If you have kids who love all things under the sea, they’re going to want to see this. Scientists made an amazing breakthrough with coral reproduction that just might help save the world’s third largest barrier reef from extinction.
Their discovery was captured on video, and it’s beautiful and awe inspiring.
What did the scientists at Florida Aquarium capture exactly? For the first time ever, they were able to reproduce ridged cactus coral in a lab setting. Before this, they didn’t know how it reproduced!
Why Is This Coral Discovery So Important?
Coral may only cover about 2% of ocean floor, but reef ecosystems are home to astounding 25% of marine life. Coral is important to the health of the ocean as well as the animals that live there. Some animals you’ll find living in the reef include sharks, dolphins, and sea turtles — and yes, depending on where the reef is, clown fish like the ones in Finding Nemo too.
But coral reefs around the world are in danger. Climate change and human interaction are two of the many factors leading reefs to the brink of extinction. The Atlantic Coral Reef — the third largest in the world — has also been suffering from disease since 2014. But barrier reefs can not exist without coral (just as rainforests can’t exist without trees).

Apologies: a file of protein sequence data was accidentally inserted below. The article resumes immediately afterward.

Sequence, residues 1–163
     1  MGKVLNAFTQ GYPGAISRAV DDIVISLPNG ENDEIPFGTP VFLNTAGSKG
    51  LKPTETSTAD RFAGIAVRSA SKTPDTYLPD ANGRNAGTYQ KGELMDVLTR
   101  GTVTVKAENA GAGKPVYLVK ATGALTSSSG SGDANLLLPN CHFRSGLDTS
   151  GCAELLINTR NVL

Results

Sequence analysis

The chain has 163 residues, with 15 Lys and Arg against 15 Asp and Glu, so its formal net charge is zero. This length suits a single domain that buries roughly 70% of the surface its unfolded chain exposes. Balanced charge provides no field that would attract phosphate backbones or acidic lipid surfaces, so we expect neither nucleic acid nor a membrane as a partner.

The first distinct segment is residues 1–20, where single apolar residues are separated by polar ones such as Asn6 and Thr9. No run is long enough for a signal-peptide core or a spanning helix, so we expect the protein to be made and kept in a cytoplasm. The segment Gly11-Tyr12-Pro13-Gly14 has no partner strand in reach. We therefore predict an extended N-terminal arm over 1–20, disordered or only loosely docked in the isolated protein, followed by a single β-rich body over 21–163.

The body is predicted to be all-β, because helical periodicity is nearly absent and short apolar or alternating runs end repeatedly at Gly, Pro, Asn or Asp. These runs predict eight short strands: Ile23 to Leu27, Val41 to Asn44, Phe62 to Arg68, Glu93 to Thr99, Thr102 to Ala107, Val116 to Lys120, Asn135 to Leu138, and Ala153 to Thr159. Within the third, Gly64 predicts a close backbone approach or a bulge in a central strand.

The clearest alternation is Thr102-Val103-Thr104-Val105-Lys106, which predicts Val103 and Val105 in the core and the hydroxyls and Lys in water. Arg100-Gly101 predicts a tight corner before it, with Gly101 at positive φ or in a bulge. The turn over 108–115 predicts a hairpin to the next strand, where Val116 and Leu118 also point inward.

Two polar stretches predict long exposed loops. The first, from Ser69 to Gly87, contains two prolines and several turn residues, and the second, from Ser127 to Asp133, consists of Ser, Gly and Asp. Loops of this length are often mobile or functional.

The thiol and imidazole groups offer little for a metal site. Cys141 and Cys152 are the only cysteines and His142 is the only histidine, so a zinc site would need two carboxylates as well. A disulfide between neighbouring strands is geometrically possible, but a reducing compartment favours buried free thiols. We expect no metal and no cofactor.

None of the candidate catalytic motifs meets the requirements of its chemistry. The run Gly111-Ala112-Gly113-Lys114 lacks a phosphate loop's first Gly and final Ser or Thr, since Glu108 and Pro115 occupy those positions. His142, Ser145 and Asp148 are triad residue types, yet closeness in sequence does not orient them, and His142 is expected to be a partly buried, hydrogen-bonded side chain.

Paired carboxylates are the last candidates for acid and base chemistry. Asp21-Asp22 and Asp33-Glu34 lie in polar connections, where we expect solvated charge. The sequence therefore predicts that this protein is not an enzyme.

In 2014, the Florida Aquarium rescued some adult colonies from disease. Since then they’ve been studying them in hopes of breeding and reproducing them to save the reef from extinction. The video from the Florida Aquarium was the first time ever that scientists were successfully able to catch the “birth” of coral on video.
How This Discovery Can Save the Florida Reef
Now that scientists understand the basic biology of how coral is “born,” they can start to investigate how far — and how long — the larvae swim around the ocean before turning from a larvae into adult. All of this info will help them protect and restore reefs, which in turn will help ocean life. I’d say that’s a pretty amazing accomplishment! As Keri O’Neill, a senior scientist at Florida Aquarium, said to CNN, “This work gives me renewed hope for what is possible in the future.”
If your kids want to learn more about underwater life and the importance of reefs, check out resources from the Smithsonian Zoo, Smithsonian Learning Lab, and the Coral Restoration Foundation. There’s also a plethora of children’s books about coral reef ecosystems too, including a National Geographic early reader packed with pictures that show how beautiful healthy reefs look. You can also watch a fun time lapse video of coral here.
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